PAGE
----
Businesses are attracted to the public cloud due to the elastic, on-demand and limitless compute and storage it provides to meet ever-changing business needs. The approach used by cloud service providers is to leverage a multi-tenant environment, where multiple clients are sharing the same infrastructure. The sharing of common resources makes the public cloud economically feasible for the providers. However, different clients will require different levels of service, and there is a need to ensure priority of one over another. Another challenge with the multi-tenant approach is that there is an opportunity for one client to negatively impact the performance of all others by consuming an excessive portion of performance resources. The term “noisy neighbor” is used for a co-tenant that monopolizes performance, bandwidth or compute resources to the detriment of other tenants sharing the same infrastructure.
Even on-premises private clouds can experience this problem when multiple business groups within the same company share a common infrastructure. Consolidation of data centers along with server virtualization have increased the degree of resource sharing and the opportunity for this performance conflict.

Quality of Service or QoS is a concept that originated in networking and is the concept that transmission rates, error rates, and other characteristics can be quantified and furnished to meet specifics levels of attainment. With storage, QOS guarantees a specific level of IOPS or latency at a per virtual machine or volume basis. The term “noisy neighbor” is used for a co-tenant that monopolizes performance, bandwidth or compute resources to the detriment of other tenants sharing the same infrastructure. Storage Systems typically enable the creation of multiple levels of QoS, such as gold silver and bronze, associating each with distinct levels of IOPS and latency. The objective is that the system allocates more resources to the holder of a higher QoS level. Maximums (or in the case of latency minimums) can be assigned to each service level preventing a noisy neighbor from monopolizing resources.

Performance QoS is the extent to which most storage systems engineer QoS, but there are other aspects of storage that could be managed to deliver a broader QoS experience. An increased reach of QoS would create an automated way to ensure service level agreements across a wider landscape of requirements. Such an approach is not easy to engineer and must be inherently architected from the ground up. What follows are some examples of what this broader landscape would include beyond IOPS and latency.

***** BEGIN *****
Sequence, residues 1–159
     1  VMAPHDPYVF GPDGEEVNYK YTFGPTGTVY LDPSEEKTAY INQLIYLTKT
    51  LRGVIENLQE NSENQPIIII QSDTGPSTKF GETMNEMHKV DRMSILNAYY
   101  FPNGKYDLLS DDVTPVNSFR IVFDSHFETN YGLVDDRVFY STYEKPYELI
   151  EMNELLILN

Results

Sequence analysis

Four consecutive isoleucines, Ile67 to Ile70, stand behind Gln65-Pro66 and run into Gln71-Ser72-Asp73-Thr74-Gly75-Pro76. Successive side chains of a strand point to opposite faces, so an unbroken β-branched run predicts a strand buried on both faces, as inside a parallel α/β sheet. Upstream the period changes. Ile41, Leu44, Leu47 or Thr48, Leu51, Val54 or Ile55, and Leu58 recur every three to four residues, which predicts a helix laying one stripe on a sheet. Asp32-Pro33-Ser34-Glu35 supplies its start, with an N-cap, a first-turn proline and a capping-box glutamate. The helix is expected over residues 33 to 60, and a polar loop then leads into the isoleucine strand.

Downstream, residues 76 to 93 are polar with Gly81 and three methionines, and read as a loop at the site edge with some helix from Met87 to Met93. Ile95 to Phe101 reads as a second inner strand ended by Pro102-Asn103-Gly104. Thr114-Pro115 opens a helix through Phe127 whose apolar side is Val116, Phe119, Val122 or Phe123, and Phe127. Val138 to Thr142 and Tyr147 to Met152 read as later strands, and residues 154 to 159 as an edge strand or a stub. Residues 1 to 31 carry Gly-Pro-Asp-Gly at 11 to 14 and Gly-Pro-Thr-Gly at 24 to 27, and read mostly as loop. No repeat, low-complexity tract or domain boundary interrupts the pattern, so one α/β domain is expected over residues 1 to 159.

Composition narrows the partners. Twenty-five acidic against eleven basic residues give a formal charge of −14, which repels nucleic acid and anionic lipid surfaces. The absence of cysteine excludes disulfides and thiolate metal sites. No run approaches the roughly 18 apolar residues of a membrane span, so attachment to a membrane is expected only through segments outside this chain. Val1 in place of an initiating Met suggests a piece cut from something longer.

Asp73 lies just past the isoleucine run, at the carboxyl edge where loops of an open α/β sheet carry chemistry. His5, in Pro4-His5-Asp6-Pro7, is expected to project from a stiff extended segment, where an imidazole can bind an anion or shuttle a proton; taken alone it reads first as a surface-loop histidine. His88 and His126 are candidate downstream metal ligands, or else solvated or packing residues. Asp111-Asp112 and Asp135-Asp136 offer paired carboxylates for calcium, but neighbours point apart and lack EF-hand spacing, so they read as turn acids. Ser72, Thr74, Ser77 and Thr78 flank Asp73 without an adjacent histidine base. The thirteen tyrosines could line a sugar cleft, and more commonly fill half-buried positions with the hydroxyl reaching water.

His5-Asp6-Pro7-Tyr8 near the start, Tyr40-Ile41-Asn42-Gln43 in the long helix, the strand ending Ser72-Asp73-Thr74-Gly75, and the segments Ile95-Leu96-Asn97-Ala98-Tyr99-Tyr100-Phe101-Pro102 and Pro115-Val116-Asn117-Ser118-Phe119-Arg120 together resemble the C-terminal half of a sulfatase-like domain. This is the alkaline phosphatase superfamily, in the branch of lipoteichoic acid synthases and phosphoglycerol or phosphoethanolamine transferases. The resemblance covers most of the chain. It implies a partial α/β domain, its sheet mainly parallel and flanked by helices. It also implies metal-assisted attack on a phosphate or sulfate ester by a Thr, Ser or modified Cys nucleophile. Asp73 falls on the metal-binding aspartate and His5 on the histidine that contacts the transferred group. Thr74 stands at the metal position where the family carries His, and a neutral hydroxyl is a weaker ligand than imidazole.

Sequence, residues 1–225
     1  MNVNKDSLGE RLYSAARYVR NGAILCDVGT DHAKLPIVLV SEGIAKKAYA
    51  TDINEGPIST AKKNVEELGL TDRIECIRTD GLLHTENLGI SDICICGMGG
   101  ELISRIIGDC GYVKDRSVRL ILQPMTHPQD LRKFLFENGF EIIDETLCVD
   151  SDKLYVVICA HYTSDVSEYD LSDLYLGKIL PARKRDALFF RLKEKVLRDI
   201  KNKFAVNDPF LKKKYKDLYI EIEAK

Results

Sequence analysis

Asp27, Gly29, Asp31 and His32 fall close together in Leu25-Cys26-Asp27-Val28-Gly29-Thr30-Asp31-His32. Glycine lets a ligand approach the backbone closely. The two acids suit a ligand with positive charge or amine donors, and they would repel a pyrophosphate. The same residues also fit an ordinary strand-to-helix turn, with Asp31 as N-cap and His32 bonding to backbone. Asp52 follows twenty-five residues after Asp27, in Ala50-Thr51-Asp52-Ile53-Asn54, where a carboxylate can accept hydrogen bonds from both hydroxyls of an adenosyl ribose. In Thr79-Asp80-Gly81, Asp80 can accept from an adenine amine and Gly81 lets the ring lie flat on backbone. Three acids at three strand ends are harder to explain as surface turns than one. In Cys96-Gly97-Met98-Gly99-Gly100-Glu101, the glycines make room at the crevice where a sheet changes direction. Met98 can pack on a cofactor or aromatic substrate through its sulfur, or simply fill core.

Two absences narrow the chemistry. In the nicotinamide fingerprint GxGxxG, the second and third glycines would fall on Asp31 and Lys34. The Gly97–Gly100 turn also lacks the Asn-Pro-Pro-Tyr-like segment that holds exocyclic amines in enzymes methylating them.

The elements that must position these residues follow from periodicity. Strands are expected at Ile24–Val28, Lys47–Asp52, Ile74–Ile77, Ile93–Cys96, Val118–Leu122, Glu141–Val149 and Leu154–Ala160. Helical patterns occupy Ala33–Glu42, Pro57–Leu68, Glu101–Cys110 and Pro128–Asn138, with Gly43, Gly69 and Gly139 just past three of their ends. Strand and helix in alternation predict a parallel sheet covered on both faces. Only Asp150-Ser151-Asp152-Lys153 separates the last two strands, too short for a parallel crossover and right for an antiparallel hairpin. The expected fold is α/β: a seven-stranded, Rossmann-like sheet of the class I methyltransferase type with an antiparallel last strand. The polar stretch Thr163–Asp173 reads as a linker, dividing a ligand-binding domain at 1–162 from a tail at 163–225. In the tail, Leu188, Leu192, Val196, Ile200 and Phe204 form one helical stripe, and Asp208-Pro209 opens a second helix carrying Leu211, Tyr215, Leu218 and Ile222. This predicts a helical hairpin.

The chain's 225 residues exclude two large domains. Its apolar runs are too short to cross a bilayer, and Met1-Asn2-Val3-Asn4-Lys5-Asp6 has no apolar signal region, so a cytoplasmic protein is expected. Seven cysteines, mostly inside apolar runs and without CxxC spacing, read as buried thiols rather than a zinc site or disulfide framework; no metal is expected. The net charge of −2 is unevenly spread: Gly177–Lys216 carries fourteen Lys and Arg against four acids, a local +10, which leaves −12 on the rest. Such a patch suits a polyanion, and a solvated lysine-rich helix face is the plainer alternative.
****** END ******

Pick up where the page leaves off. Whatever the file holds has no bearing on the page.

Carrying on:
QOS for performance is the policy that exists in most storage systems that currently claim a QoS capability. The degree that different systems deploy performance QoS differ, but it should include a target, maximum, and minimum for IOPS. The maximum will prevent the effects of noisy neighbors, and the minimum ensures the performance QoS attainment. Establishing a target latency value also ensures that response times meet a pre-determined requirement. The key to this process is the identification of resources coupled with the aggregated QoS levels to assure the required infrastructure is in place. In the event performance QoS levels are not being met in total, the identification of the situation along with recommending actions such as add more ports or flash would provide administrators needed guidance.

QOS priority is workload oriented and gives virtual machines a hierarchy in the servicing of multiple VMs with the same performance policy. Each QoS performance policy can have an associated priority level that determines the prioritization of the policy under load. As an example, one could assign high (mission critical), medium (business-critical), and low (non-critical) priority levels each QoS performance policy and these service levels would influence the system on how to prioritize resources to maintain each QoS policy’s targets. Two volumes with the same policy will be prioritized by the priority level if system resources become constrained.

For QOS Location, there is an opportunity to use data tiering algorithms integrated with the QoS policies. This approach is especially useful when using multiple classes of storage. As an example, when using RAM, PCIe flash, consumer grade SSDs and capacity rated hard drives. The highest-priority virtual volumes could consume more of the faster flash with lower rated volumes consuming the different levels of storage based on the QoS Location level. It is important that the location service level prevents hotspots as part of its overall algorithm.

QOS Availability would expand the Location level of service to include the level of availability. Storing of mission or business critical data would on hardware with redundancy and a high level of flash endurance. Data with lower criticality could be stored onto media with lower reliability and without alternate pathing to reduce costs.

QOS Data Protection could schedule and execute snapshots, replication, and retention according to both performance policies and priority QoS levels. The combination of the two levels determines the frequency of protection and the volume order of snapshots and replication.

Have other ideas that will make good QoS elements for storage? Give me a shout at 303-534-9500 X134 or jmiller@emausa.com